The fact that Redmagic hasn’t addressed prior criticism and increased brightness—at least when autobrightness is disabled—is more disappointing in my opinion. While Nubia claims that it can reach a peak brightness of 1,300cd/m2, I discovered that it would only reach 328cd/m2 in the Vivid display mode with autobrightness (and the closely related Sunshine mode) disabled.
Yet, the color fidelity of the screen isn’t as poor. The dedicated sRGB mode, where the Redmagic 8 Pro achieved a sRGB gamut coverage of 86.5% and a volume of 87% with an average Delta-E score of 1.55, looked to be the most accurate display mode for our standard suite of sRGB-focused testing.

Review of the Nubia Redmagic 8 Pro: Cameras

The Redmagic 8 Pro is a noticeable improvement over earlier models in the line, even though it won’t be at the top of any “best camera” lists. A 50MP Samsung GN5, the same primary sensor seen in the Samsung Galaxy S22 and iQOO 11, has specifically replaced Nubia’s bog-standard 64MP main picture sensor.
In favorable illumination, the main camera’s output has pleasingly balanced colors and a wide dynamic range. Nevertheless, low-light images aren’t quite as reliable. They achieve adequate brightness, even to the point where it appears slightly false, but fall short of the clarity that a typical phone with OIS and sophisticated algorithms can offer.


With an 8MP ultrawide and a useless 2MP macro, the rest of the camera options scream “mid-range.” The quality of the primary sensor does shed an unfavorable light on the ultrawide, which results in wide-angle images that by comparison look terribly dull and blurry.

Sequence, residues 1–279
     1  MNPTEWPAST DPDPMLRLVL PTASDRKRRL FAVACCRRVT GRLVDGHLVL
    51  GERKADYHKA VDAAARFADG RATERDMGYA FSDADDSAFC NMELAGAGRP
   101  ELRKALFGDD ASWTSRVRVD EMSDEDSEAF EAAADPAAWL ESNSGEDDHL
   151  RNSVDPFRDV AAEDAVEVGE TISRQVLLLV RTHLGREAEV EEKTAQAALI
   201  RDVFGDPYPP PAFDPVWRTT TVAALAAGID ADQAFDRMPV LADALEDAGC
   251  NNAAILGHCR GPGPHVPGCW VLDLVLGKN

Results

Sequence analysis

Despite its excellent concealment, the 16MP second-generation under-display selfie camera is not a very good camera. Because it doesn’t receive the same amount of light as a typical selfie camera, the results are incredibly soft, dubious exposures, and slightly off-looking skin tones.

Judgment on the Nubia Redmagic 8 Pro

While the majority of smartphone makers appear satisfied to coast, Nubia and its gaming sub-brand have dared to advance the industry. With considerable increases to power and battery life over previous generations, the Redmagic 8 Pro is not only yet another excellent phone for gamers, but it is also a phone that is much nicer to use on a daily basis.
The bezel- and notch-free display is actually stunning to look at, despite the new design being less gamer-friendly. The phone’s primary camera has also undergone significant enhancement, and the unique user interface has been made more readable and uncluttered.
The Redmagic 8 Pro is the most “mainstream” phone in the lineup so far, and it’s a complete steal when you consider the level of performance you get for such mid-range money.